Tuesday, October 13, 2009
This year I am particularly excited about the launch of the SDAFF Extreme program at the San Diego Asian Film Festival. So in honor of the debut of SDAFF Extreme, here are a pair of Asian Extreme trailers for you to enjoy... or not.
Extreme cinema is an acquired taste and I definitely have a taste for it. But not all extreme cinema has to be violent as this mix of live action and plush puppets proves. The above trailer is for "Neko Ramen (Pussy Soup)," which will be playing as part of SDAFF Extreme on Saturday October 17 at the Ultrastar Mission Valley at Hazard Center. I'll have more on the extreme program tomorrow. The story involves a cat that fails to follow in the footsteps of his famous "cat idol" dad so he tries his hand at being a ramen chef. Filmmaker Minoru Kawasaki previously made "Calamari Wrestler," about a wrestling squid, and "Executive Koala," about an executive who happens to be a koala. This guy obviously has some anthropomorphic issues to work through. Taisho was the hero of a manga series and if plush puppets sound too cute and cuddly, they are but in that very special way that Japanese films mix cute and twisted. So we have Taisho attempting suicide, trying to make a living as a sushi chef and a surgeon, and trying to make out with a real cat. OMG kitty porn!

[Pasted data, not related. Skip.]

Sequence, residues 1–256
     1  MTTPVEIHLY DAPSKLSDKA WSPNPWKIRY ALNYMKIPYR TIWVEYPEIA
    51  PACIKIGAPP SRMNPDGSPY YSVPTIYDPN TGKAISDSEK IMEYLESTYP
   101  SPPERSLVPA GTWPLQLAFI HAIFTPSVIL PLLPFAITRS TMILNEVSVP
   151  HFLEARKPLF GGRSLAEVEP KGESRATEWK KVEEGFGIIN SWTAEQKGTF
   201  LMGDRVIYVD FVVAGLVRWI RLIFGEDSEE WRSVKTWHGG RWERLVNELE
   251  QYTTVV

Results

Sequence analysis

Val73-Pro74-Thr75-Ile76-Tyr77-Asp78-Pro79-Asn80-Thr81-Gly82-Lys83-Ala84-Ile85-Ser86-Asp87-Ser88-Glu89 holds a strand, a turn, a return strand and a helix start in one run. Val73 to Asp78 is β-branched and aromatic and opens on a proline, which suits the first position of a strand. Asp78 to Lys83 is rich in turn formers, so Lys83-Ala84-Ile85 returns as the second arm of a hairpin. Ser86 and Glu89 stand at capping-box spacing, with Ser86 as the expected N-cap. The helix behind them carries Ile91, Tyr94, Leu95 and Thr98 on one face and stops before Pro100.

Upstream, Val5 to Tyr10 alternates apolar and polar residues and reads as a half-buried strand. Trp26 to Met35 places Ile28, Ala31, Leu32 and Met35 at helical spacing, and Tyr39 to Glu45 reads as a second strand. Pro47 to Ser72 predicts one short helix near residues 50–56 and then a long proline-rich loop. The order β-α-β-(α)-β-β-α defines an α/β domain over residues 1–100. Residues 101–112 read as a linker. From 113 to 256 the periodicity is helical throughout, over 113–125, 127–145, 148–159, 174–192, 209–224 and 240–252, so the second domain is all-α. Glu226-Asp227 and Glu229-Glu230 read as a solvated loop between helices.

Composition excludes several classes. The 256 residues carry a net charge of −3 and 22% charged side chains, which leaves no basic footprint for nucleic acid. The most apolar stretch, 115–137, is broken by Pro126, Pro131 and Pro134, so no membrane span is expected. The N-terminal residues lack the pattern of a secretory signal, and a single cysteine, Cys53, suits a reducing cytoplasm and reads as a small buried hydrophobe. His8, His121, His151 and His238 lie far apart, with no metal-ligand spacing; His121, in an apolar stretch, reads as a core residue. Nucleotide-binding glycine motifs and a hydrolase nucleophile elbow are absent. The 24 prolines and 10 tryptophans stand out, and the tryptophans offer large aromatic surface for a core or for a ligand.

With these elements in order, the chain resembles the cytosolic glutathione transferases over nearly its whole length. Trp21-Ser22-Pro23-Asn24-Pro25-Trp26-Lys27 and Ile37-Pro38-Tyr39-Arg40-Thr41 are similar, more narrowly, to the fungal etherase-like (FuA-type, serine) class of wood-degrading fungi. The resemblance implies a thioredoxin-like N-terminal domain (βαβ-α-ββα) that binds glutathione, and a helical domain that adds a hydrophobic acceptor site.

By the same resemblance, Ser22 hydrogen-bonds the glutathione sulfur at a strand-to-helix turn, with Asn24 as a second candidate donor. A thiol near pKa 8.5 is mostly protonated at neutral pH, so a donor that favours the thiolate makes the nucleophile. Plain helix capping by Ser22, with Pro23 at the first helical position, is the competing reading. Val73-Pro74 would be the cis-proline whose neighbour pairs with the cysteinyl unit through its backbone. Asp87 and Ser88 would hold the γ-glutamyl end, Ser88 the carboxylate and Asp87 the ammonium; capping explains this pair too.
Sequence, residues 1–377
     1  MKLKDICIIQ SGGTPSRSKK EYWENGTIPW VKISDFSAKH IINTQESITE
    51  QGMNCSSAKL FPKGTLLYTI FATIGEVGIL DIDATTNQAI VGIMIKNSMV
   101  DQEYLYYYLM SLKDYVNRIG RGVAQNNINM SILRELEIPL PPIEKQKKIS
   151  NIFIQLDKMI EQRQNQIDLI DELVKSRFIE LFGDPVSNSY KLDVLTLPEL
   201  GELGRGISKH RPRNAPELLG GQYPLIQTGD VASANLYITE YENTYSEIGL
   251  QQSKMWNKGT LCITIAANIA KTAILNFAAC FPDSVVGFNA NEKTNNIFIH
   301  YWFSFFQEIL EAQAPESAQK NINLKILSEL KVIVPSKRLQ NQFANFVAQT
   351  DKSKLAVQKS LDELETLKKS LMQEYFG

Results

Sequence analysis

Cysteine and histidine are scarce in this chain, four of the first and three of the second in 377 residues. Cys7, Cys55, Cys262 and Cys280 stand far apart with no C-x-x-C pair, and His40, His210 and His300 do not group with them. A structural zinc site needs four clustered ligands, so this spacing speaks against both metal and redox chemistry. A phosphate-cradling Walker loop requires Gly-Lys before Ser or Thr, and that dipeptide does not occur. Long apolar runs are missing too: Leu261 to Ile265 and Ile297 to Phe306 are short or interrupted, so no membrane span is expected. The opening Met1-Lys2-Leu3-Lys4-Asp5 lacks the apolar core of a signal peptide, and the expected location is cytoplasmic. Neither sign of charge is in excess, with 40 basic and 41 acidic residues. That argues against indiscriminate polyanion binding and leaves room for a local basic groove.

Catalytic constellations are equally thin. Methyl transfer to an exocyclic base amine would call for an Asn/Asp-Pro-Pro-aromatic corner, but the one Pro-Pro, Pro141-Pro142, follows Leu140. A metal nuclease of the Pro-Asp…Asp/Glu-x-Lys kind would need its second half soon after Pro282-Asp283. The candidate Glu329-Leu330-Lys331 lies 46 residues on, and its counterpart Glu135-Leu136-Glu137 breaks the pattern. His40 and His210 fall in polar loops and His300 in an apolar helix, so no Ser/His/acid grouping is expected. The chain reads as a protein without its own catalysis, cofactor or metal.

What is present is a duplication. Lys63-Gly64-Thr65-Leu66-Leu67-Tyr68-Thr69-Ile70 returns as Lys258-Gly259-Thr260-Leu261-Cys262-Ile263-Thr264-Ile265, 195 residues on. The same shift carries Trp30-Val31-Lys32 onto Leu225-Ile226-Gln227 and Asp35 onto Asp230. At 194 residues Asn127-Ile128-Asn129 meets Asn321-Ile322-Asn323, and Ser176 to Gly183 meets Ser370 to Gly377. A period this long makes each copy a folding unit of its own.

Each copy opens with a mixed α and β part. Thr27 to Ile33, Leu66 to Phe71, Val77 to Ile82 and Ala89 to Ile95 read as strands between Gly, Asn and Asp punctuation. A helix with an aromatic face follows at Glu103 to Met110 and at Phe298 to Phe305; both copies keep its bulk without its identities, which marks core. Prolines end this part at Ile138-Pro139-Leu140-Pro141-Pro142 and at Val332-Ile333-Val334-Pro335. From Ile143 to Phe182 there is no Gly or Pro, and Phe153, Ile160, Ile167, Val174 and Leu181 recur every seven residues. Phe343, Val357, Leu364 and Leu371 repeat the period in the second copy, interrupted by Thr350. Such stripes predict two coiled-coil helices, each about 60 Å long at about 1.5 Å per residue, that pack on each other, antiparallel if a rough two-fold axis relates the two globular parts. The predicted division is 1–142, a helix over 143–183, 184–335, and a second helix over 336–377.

Extreme programmer Phil Luque says, "Extreme cinema is a part of the Asian film experience; whether it is embraced with open arms or with strong disdain is always an issue. For me, the extreme film experience from Asia specifically is very particular to fringe cultural experiences that could not be seen in many other cinematic forms." Kudos to Luque and the festival for finally embracing the "extreme" wing of Asian cinema.
Below is a trailer for a film I hope they program next year: "Robo Geisha." Director Noboru Iguchi also made "The Machine Girl," which words cannot do justice to. His next film, due out in 2010, is "Robo Geisha." Watch the trailer at your own risk and with a sense of fun. But with all these extreme films I just appreciate the way the filmmakers refuse to accept boundaries and limitations. So some of the cleverness and innovation is how they work around low budgets to achieve some eye-popping effects.